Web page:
What had been a source of joy not ten minutes prior swiftly became the most gut-wrenching, stomach-churning sequence I can ever recall watching. Walter White lost control of the situation permanently, and I should have known better than to think for one second that karma, being the b***h that it is, would only punish Walt for his misdeeds. Vince Gilligan goes Old Testament on this one, and it’s about as horrifying as I could ever imagine it. Walt screams helplessly from inside the car while Uncle Jack, Todd and the rest of the neo-Nazi gang arrive at the party. He has no cards left to play, he has nothing left up his sleeves to slink out of this situation with. Walter White, the mighty Heisenberg, is helpless to stop the hellfire from raining down upon the heads of those he, in his own twisted way, cares about the most. The sight of Walt helpless would’ve put a victorious grin on my face not a half hour ago, yet hear we are, and the reality of the situation is sickening. MacLaren’s masterful directing is at it’s most potent right in these few crucial seconds. What is merely a minute or two feels like hours as Gomez and Hank are at at a stand-off against Uncle Jack and Co. As the camera frantically zooms in on Jesse, Walt, Hank and Gomez’s faces, an unwavering sense of fear possesses the screen. And then, after a moment of silence that feels like eternity itself, the firing begins. It all happens too fast to process but too slow to escape from. The Nazi’s firing, Gomez and Hank running for cover, Walt ducking down below the window of the car. There is nowhere to run, nowhere to hide. The most repulsive, amoral scum this show has seen are about to gun down some of the most loved characters and there is nothing you or Walter White can do about it. It’s not glorious, it’s not poetic, it’s not the ceremonious offing that I had envisioned for Hank or Gomez or Jesse’s ends. It’s just awful, no matter how you slice it. More gunfire.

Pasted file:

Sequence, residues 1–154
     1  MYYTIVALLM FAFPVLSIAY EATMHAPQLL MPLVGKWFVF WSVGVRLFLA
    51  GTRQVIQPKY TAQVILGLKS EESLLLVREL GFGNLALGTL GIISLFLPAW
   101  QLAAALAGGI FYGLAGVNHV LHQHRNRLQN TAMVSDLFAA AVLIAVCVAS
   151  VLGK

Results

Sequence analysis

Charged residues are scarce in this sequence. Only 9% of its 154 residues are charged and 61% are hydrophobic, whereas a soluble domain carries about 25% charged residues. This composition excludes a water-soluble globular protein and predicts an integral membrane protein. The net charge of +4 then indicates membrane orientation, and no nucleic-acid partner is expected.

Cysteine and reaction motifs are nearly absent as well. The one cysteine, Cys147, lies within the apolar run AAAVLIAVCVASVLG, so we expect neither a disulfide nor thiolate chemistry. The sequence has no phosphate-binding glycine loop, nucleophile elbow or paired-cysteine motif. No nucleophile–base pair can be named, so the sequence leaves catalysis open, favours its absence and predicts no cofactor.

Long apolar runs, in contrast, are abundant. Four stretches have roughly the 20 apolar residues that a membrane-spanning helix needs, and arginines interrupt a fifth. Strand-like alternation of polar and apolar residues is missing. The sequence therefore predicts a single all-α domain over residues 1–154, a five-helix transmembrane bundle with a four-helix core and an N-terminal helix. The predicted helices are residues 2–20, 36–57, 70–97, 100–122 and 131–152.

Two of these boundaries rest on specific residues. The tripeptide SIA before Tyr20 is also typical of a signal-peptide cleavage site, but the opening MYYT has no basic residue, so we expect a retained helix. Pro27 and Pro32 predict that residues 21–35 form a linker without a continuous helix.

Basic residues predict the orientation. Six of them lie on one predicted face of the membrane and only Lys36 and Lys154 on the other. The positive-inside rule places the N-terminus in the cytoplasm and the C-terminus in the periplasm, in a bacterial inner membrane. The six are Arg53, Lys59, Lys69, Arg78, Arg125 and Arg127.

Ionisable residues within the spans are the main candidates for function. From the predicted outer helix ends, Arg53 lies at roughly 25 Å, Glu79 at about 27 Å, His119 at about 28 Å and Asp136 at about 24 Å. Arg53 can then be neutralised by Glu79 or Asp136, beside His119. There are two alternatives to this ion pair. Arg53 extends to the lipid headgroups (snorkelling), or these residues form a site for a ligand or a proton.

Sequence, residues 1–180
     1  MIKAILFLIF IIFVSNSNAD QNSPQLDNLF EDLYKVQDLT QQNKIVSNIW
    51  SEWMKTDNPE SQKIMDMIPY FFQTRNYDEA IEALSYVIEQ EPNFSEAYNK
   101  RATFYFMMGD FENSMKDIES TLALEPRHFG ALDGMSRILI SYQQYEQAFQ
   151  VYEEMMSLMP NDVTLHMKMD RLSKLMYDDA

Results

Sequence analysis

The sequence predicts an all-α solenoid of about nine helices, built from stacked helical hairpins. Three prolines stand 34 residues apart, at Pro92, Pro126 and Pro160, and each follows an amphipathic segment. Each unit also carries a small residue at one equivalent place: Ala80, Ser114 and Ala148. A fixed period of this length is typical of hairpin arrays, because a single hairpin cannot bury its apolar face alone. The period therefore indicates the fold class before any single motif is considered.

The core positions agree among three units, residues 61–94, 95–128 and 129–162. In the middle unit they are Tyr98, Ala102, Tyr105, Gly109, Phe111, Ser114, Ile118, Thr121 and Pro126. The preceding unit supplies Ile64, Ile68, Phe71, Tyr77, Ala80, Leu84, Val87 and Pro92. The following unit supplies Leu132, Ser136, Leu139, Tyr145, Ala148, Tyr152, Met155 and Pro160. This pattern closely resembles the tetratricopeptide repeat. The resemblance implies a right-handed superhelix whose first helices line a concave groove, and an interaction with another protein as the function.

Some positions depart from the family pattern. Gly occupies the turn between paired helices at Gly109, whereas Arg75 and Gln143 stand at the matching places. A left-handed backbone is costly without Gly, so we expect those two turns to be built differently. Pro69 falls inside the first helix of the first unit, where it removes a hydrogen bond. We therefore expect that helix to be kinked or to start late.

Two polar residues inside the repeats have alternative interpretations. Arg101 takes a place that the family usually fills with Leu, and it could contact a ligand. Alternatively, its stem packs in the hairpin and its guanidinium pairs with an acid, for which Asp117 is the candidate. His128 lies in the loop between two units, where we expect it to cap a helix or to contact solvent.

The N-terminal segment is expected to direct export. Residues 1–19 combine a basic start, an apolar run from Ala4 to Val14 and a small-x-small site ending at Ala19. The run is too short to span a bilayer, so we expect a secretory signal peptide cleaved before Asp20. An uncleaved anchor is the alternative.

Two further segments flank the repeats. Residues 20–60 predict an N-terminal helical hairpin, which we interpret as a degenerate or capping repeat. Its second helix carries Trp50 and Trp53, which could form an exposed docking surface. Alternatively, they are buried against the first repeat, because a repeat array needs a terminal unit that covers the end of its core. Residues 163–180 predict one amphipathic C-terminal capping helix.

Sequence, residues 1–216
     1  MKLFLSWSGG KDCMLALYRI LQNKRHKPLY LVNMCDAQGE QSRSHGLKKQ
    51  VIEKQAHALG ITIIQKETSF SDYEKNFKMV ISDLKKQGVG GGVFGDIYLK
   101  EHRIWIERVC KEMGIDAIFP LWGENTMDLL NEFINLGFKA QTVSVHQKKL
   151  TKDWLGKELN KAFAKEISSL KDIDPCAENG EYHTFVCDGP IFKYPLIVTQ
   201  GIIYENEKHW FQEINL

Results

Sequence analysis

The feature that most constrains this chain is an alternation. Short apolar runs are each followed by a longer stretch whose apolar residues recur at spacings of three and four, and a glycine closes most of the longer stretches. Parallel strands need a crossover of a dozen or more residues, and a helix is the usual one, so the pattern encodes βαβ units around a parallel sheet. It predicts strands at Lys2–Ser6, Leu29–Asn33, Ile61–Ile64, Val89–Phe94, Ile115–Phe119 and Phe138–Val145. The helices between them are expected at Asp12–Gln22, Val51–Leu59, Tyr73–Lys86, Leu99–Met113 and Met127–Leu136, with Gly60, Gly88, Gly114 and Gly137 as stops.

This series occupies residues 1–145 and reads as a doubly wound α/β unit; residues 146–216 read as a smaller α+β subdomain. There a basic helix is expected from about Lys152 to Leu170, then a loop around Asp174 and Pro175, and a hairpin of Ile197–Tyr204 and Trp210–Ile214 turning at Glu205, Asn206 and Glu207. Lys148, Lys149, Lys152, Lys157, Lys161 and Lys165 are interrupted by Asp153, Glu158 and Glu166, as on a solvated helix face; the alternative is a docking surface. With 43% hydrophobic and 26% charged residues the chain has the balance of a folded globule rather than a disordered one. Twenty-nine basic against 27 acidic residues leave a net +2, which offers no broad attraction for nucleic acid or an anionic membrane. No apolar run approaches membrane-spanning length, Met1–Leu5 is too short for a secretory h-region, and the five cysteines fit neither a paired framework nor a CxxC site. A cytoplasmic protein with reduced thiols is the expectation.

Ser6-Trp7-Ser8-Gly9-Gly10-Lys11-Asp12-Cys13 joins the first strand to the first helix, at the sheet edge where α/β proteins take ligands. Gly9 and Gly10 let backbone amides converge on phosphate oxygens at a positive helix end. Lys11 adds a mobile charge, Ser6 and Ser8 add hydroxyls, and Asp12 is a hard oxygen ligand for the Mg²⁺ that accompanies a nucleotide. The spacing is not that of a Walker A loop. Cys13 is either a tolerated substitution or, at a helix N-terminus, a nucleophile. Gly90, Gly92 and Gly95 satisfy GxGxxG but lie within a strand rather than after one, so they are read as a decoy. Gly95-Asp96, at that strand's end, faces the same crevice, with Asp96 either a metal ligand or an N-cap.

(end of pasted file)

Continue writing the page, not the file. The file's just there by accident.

Cut to black.
There is basically no chance of Gomez and Hank surviving this. The scene is made all the more painful due to it’s lack of conclusion. We, the viewers, must wait until next week to be subjected to the inevitable.
Who knew entertainment could be so stressful?
Three to go.
Episode Grade: A+
I am officially a member of the Huell fan club.
The neo-Nazi’s are perhaps more perceptive than I give them credit for; Declan DID look like Wolverine.
I am thoroughly unprepared for the soul crushing world of pain that’s about to fall on Walt Jr. I simply can’t adequately prepare myself for that.